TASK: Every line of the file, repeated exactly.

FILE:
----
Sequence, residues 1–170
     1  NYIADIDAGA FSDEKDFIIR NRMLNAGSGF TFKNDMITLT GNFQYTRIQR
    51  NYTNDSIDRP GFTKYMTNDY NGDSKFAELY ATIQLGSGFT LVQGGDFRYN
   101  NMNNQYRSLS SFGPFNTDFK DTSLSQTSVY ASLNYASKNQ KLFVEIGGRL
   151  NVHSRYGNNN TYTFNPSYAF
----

Sequence, residues 1–170
     1  NYIADIDAGA FSDEKDFIIR NRMLNAGSGF TFKNDMITLT GNFQYTRIQR
    51  NYTNDSIDRP GFTKYMTNDY NGDSKFAELY ATIQLGSGFT LVQGGDFRYN
   101  NMNNQYRSLS SFGPFNTDFK DTSLSQTSVY ASLNYASKNQ KLFVEIGGRL
   151  NVHSRYGNNN TYTFNPSYAF